Should Christians be involved in
Paul addresses this issue in 1 Corinthians 6:1-8, by saying it is a shame to take legal action to another believer in front of non-believers. Paul is really addressing the matter of the heart as well as the reputation of the church.
The Old Testament illustrates legal action for others for the satisfaction of their loss. An eye for an eye, a tooth for a tooth, etc., are found in Exodus 21:23,24. Jesus taught his disciples a higher standard—to turn the other cheek, pray for your enemies, forgive those who despitefully use you. The Old Testament teaching was replacing what was taken or lost. Jesus was more concerned about one’s heart and their eternal destiny.
Anger, unforgiveness, and revenge are inner emotions that will rob every Christian from being the person that God expects for His followers. Jesus taught Christians to not be so concerned about material things but bring about a reconciliation between parties. If it is commanded for us to forgive others, how can we forgive someone and bring suit against them? Does that mean that we should not bring a law suit to anyone? What about a non-believer?
Whenever a believer is wronged by another believer, the offended party should consider a few options: First, should he or she drop the matter, leaving the judgment in the hands of God. Secondly, after prayer and consideration, have a face-to-face meeting with the offending party to work out issues and settlement. Thirdly, one may consider a mediator that will be “neutral” to both sides. Fourthly, should the matter be brought before the church or church leadership to help bring resolution.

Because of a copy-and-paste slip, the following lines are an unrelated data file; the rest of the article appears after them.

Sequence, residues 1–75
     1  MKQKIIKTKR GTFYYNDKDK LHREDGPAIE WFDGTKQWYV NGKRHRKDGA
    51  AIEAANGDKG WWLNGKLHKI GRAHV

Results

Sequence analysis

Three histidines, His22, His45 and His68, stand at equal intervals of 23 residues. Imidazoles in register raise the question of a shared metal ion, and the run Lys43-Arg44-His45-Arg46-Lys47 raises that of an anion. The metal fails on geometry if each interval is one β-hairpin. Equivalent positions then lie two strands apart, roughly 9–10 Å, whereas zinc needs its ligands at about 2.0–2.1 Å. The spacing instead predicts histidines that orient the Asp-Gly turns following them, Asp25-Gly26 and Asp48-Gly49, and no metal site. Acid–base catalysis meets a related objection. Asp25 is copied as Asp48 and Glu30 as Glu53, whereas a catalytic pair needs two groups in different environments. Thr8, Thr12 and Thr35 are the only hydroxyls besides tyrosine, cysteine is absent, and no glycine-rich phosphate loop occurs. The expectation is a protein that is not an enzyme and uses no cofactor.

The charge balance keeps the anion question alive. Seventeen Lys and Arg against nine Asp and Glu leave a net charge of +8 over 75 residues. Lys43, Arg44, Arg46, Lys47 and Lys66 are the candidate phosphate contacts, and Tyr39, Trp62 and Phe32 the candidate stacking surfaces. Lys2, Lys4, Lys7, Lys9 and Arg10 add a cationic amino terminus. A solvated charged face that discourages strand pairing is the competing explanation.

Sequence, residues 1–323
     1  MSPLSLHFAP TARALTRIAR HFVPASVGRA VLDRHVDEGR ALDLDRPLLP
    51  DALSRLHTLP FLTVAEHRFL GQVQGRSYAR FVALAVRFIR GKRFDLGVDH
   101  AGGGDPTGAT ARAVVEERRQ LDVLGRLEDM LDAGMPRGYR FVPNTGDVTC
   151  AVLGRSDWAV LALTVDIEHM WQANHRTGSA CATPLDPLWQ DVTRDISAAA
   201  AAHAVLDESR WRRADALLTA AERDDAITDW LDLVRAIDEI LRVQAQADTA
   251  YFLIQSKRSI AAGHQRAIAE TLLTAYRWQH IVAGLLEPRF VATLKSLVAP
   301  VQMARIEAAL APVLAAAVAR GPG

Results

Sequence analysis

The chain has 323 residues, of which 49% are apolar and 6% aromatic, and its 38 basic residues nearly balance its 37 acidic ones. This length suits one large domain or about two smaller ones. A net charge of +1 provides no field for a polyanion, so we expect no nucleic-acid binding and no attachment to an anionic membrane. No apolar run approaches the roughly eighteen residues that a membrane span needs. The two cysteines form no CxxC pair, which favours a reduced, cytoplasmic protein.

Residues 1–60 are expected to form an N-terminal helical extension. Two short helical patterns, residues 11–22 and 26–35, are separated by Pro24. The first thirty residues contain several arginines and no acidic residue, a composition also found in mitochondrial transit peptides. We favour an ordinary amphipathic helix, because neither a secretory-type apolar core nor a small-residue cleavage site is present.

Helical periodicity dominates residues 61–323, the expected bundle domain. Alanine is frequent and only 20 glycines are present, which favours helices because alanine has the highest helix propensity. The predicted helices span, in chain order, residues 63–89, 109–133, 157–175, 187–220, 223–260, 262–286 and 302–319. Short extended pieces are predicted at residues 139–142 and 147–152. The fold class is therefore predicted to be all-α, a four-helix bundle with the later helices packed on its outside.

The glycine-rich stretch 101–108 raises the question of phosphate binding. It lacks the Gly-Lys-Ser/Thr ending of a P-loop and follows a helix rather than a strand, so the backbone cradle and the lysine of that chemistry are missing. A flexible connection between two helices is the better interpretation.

What happens when a believer is wronged by a non-believer? Paul wasn’t trying to imply to give up all legal rights by “turning the other cheek” but to consider all options, including one’s reputation. Punishing wrongdoers means protecting the innocent. If one is innocent and has been wronged, the question is not to “get personal vengeance” but rather make sure the offending party replenishes all was lost and that they do not do the same for innocent people.
Another question to ask is, why should a Christian think about bringing a law suit against another? Some seek personal gain instead of justice. Others may seek to compensate their anger. In both cases, grounds for bringing a suit, according to the Bible, is not justified. Again, believers (Christians, followers of Christ) should have a higher standard of ethics to follow. God sees all and knows all. As mentioned earlier, it is a matter of the heart. If one brings suit for financial gain or to hurt or injure someone for personal reasons, that person will be accountable to God in the day of Judgment.
There is also a matter of insurance. Most people and churches carry liability insurance. Most of the time the insurance companies will pay damages or injuries incurred but what if a Christian was injured while riding with a fellow Christian and the insurance company refused to pay injuries. A suit between two people really does not stem from personal malice but it an effort to collect from the insurance company. Is this appropriate? First of all, one must consider how that looks within the community. Others will read that one party is suing another party and may connect them both as being believers. Some will believe that the one sued has done something wrong. In both cases one must consider how this may look to others in the community and how this may impact their reputations. The best option to take in this situation is to contact the state insurance commissioner to allow them to mediate the claim for the injured party. Most insurance companies desire to please the state’s commissioners. They will also find out any possible reasons for denial that would also be a denial in the courts. This would save money as well as reputations within the community.
America seems to be in a sue-happy world. Often it is never a matter of right or wrong but is a matter of “how much money can I get”. A Christian should consider a number of different options, pray and ask God for direction, and consider working things outside of the legal system to protect the reputation of others.
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